Fuel-Saving Vessels Boost Korean Shipbuilding Industry

Monday December 30, 2013

The growing popularity of fuel-saving vessels is providing a boost to the South Korean shipbuilding industry, who say they are "critical" to cutting ship opererators costs, Korea JoongAng Daily reports.

"Eco-ship is a global trend as environment regulation gets strengthened and is a critical way that shippers can cut costs," said Park Moo-hyun, an analyst at E-Trade Securities.

"Chinese shipbuilders can get more orders based solely on price competitiveness at present, but Korean companies have better fuel-efficient technology and will still be ahead of them."

Hyundai Heavy Industries (HHI) has made $24.3 billion in contracts this year, the second-largest ever for the company, whose peak was $25.8 billion in 2007.

"With rising demand for fuel efficient vessels and large carriers, our orders this year rose around container carriers," said a HHI spokesman.

"Gas carrier orders also went up on expectations of increasing of shale gas production."

The nation's big three shipbuilders, HHI, Samsung Heavy Industries (Samsung) and Daewoo Shipbuilding and Marine Engineering (DSME) are expected to reach $50 billion in combined orders this year, for the first time since 2007.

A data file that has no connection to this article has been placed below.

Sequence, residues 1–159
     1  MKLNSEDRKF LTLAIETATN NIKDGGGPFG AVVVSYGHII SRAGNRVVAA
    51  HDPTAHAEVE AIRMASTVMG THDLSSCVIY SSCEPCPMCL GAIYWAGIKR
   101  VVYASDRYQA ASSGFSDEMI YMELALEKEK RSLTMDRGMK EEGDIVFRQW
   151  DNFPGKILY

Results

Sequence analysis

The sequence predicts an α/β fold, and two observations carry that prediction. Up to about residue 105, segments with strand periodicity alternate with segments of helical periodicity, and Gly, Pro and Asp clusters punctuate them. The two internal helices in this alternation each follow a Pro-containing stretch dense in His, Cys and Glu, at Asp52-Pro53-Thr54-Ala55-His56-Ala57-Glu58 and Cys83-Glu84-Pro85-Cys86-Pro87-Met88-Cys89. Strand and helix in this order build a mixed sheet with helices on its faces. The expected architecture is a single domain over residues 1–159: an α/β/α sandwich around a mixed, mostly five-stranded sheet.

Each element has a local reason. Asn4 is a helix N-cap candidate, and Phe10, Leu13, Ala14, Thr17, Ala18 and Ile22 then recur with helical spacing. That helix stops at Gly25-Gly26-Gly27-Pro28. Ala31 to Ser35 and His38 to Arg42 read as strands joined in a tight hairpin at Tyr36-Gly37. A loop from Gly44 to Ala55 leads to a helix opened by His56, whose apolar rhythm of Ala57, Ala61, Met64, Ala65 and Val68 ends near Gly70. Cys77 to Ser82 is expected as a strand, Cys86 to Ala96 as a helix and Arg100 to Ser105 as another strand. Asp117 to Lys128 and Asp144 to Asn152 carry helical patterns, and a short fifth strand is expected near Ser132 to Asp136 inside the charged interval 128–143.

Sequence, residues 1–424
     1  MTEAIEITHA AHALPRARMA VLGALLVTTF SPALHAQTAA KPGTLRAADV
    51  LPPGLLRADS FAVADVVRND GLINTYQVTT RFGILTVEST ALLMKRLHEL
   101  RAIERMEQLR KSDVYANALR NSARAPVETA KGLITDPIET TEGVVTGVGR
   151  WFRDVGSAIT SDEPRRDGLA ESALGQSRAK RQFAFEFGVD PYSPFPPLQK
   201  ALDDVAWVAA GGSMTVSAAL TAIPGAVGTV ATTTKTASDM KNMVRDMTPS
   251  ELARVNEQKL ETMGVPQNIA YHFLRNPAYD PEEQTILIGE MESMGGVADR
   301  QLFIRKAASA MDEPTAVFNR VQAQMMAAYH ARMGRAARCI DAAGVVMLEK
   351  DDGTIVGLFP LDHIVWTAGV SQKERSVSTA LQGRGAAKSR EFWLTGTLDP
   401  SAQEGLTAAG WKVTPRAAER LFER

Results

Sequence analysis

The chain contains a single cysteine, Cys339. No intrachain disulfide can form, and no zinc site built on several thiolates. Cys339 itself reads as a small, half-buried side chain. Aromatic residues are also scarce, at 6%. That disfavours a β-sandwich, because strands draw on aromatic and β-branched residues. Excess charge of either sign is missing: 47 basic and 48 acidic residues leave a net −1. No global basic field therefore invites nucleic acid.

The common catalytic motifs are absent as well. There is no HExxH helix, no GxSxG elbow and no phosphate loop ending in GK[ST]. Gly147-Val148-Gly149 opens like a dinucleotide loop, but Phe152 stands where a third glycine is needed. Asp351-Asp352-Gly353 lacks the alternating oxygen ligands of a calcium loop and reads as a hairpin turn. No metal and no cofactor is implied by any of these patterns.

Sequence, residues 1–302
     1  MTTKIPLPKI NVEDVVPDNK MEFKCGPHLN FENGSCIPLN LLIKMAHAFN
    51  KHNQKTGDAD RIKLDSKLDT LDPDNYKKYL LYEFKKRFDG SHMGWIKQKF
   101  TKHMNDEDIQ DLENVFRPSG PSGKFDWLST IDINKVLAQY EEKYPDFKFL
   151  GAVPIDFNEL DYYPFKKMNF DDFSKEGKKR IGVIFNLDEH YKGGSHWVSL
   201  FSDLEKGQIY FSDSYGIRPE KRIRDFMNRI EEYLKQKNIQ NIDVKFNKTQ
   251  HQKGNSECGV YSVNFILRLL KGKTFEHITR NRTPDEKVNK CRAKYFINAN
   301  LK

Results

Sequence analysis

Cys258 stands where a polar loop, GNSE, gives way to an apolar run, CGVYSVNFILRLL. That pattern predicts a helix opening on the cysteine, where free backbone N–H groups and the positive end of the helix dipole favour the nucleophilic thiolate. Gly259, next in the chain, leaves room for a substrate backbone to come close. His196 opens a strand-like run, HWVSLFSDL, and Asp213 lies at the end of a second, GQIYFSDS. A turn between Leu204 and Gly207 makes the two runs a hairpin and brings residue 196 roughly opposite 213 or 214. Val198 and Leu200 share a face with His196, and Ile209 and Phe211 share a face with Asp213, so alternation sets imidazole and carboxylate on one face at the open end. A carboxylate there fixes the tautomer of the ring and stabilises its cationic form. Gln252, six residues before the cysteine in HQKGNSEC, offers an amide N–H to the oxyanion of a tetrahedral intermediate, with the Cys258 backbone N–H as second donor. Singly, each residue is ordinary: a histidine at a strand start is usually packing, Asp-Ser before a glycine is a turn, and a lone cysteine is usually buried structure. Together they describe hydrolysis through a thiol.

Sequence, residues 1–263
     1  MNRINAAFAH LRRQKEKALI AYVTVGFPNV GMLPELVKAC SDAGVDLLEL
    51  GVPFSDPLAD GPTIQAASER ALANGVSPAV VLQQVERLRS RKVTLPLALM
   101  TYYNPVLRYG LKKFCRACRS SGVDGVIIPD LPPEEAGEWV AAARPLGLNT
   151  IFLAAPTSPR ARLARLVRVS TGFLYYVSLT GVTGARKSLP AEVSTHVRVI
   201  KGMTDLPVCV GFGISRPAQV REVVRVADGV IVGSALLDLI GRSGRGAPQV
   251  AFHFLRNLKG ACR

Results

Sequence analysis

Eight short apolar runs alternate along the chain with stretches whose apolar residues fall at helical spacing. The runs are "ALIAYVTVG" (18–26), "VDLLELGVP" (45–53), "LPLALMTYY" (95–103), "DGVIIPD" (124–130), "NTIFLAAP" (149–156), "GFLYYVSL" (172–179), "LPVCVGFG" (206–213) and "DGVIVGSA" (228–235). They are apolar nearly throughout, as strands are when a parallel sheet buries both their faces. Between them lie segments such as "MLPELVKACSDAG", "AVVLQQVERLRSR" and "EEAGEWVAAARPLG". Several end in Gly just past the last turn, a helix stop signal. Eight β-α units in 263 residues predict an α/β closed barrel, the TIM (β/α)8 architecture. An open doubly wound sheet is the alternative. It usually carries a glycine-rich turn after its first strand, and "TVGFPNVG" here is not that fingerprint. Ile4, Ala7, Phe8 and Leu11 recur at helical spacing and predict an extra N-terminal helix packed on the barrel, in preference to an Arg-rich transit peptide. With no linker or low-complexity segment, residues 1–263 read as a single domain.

The companies had total orders of $68.5 billion in 2007, but only $37.4 billion last year.
In another potential good sign for the shipbuilding industry, "younger" ships are being dismantled this year, with the average age of ships taken out of service falling to 27.1 years from 27.9 years in 2012.

Overall, dismantling in Q3 was down 24 percent from the same period last year, to 33.4 million deadweight tonnes (dwt), but that was almost three times the average volume between 2005 and 2008.

Japan and China have been moving to compete with Korea on the construction of liquefied natural gas (LNG) carriers, which require more technical competency than many other ships.